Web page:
SVN (subversion)

Subversion is a revision control system. A subersion repository, or "repo", is a big data structure that stores many different snapshots of your work in a space-efficient manner. Repositories are permenant archives -- they are almost never deleted. You interact with the repository by checking out versions of files or directories, modifying them, and checking them back in again. Checking in is called "committing". Each time you check something in, a permenant record of that version is made, along with a time-stamp and a mandatory comment from you. It will always be possible to recover any version that has been checked in. Whole books have been written about svn but you will need only the very simplest aspects of it.

Get a client

SVN is a client-server system -- a program running on your computer -- (called a client) interacts with a program running on the central server that houses the repository (called the server). So the first thing you will need is an svn client.

Find the repository we set up for you

Surprise! You already have an svn repository. Repositories are accessed via URLs and the URL for the top level of your repository is:

where "yourWustlKey" is replaced by your wustl key login ID (NOT your password). After the underscore you should put the current semester - e.g. in fall semester of 2016 you would use "fl16" after the underscore. You can explore your repo using an ordinary web browser, but when you first navigate to it you will be asked for your credentials. Use your wustl key ID and in the password field enter your wustl key password.

If you can't find a repository under your wustl key or your password is not accepted, test the login and password by attempting to log in to another WU site, such as the library.

Create a directory under which all your assignments will sit

You know how to create directory (i.e. folder) on your machine. Under this there will be subdirectories for all the modules of the course but you don't have to create those.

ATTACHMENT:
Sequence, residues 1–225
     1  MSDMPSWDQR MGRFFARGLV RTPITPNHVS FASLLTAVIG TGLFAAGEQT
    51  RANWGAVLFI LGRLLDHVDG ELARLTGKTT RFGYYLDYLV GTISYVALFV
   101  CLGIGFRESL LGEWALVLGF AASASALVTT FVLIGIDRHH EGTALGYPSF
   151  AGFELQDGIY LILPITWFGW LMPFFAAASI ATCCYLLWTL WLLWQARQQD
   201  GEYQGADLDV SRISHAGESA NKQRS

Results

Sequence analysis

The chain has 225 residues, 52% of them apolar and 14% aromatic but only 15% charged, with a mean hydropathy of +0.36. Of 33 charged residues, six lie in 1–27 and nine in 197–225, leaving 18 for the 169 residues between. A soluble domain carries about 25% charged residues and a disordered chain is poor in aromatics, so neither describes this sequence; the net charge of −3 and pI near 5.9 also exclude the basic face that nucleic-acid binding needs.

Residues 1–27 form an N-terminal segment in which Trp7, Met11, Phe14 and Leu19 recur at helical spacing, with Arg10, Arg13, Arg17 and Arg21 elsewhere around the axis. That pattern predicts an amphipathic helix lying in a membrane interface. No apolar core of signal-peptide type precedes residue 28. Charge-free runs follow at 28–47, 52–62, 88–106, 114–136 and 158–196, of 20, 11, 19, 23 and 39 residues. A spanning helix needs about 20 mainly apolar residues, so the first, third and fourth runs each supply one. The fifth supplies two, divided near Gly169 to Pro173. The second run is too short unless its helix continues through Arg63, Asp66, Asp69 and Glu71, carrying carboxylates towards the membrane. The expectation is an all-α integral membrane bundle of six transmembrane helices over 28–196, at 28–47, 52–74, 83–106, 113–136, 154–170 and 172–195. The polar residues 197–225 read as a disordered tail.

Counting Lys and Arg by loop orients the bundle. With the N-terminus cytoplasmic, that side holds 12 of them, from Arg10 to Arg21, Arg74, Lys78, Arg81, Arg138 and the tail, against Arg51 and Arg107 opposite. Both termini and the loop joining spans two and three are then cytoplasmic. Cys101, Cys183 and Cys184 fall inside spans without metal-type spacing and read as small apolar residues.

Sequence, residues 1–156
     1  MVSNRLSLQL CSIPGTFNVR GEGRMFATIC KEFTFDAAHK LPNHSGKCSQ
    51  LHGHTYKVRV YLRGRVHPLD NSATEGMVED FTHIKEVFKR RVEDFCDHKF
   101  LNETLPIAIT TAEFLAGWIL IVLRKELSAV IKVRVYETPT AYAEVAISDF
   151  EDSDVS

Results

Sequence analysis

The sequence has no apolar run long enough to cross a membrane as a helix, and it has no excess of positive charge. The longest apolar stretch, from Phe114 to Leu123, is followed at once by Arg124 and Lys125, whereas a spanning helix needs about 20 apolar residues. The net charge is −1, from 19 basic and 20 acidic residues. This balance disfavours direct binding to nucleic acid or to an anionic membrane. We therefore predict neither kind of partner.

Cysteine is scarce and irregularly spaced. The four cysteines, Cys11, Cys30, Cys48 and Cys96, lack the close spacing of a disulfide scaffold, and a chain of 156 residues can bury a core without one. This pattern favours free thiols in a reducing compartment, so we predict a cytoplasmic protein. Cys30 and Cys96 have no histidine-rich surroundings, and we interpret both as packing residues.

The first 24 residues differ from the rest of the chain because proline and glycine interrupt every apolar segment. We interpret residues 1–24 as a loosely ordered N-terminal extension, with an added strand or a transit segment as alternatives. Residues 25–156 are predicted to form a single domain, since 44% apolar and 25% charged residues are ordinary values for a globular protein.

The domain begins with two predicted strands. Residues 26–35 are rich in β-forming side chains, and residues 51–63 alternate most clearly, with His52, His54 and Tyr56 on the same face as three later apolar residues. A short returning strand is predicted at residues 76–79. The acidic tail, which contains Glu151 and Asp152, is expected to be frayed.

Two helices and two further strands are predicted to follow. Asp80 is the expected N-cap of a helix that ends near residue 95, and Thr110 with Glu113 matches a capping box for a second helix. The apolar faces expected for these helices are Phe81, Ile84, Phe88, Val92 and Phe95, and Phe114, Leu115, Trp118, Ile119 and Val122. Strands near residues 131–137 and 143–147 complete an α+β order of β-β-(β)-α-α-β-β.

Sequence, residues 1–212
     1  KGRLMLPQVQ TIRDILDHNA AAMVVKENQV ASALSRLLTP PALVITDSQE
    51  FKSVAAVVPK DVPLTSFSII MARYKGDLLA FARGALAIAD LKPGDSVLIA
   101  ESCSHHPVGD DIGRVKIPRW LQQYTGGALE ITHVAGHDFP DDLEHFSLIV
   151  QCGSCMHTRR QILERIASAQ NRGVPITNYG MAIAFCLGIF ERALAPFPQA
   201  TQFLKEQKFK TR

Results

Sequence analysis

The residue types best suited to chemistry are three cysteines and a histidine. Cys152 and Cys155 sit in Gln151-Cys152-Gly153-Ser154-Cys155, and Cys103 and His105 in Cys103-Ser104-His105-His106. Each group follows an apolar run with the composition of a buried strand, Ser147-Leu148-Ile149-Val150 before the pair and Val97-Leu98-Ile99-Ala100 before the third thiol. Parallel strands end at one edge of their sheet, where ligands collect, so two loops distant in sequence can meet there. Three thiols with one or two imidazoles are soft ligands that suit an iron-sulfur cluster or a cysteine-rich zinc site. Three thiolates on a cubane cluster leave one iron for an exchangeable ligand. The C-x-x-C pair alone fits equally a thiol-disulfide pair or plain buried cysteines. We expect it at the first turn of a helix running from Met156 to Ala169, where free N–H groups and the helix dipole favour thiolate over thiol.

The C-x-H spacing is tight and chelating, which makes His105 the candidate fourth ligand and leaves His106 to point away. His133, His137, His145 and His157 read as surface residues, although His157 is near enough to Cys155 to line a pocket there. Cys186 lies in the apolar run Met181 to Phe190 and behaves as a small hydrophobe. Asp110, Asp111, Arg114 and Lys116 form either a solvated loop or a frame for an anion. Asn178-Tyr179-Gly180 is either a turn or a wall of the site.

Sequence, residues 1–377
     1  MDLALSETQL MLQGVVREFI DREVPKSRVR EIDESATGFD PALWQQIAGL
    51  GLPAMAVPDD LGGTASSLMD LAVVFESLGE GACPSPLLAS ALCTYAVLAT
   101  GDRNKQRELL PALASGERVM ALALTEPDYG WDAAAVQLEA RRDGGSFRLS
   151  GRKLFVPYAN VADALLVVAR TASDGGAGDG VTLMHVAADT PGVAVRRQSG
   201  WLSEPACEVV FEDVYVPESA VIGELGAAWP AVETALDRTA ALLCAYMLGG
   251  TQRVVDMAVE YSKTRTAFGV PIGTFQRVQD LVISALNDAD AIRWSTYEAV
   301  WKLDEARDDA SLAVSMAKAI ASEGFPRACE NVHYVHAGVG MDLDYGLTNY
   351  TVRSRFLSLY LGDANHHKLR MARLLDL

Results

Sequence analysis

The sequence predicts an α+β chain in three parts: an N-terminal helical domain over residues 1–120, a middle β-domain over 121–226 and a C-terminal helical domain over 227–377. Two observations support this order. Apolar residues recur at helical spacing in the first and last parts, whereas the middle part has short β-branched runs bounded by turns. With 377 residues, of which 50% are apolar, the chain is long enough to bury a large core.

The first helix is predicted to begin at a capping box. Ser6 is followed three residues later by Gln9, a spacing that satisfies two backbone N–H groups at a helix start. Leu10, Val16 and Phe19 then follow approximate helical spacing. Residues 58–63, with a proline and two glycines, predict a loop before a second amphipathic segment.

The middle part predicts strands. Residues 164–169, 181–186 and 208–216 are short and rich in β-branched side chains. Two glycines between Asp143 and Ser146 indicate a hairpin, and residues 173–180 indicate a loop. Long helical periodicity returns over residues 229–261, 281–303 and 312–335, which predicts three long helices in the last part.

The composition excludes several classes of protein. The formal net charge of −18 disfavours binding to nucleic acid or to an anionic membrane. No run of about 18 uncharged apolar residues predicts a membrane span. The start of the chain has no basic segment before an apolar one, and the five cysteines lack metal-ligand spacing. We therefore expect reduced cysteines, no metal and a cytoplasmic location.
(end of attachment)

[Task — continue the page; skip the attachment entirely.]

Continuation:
Check out your repository

unix or Mac: In unix or a MacOS terminal window (which is a version of unix so we'll just write unix from now on) you move among directories by using the command "cd". ("pwd" tells you which directory you're currently in and "ls" lists the contents of the directory, including subdirectories.) If you are new to unix you may find the following quick reference page useful:

Windows:Navigate to the directory you created in the previous step by using your usual, window-based mechanism of navigating folders.

Once you're in the right directory, for unix type:

svn checkout yourRepositoryURL

where yourRepositoryURL is replaced by the URL indicated above (and which you put into your browser to see the repository). This will create a subdirectory called cse587a_fl16 (with the part after the underscore indicating the current semester). This directory is under version control, which means it's linked to a directory of the same name in the repository.

Navigate to the subdirectory cse587a_fl16. Within that, you should find subdirectories for each module: Mathematica, Probability, HMMs, etc. Now navigate into the subdirectory for the current module, copy the completed assignment file into it, and type

svn add myAssignment.nb

(unix) or right-click on the assignment file and select "add" from the Tortoise subment (Windows). Unless instructed otherwise, you will need to copy completed assignments into the module guide subdirectory and svn add them for each assignment.

For each assignment

At any point before the start of class on the due date, you can commit your final version to the svn repository. In fact you can also commit partially completed versions along the way, to avoid losing work. For grading, we will always pull out the first version committed after the due date/time and check the commit timestamp to see whether the assignment was committed on time. To commit a version to the repository in a unix system, type

svn commit -m "A brief note describing the changes since the last commit."

Whenever you are in a version controlled directory this will commit all changed files in that directory an any other directories below it, recursively. You can also commit specific files or subdirectories (however you cannot commit specific files or subdirectories if there has a been no commit since the current directory was made).

Verify with the web browser

Since turning in homework on time is important, you will probably want to check the repository in your web browser the first few times to make sure you committed correctly.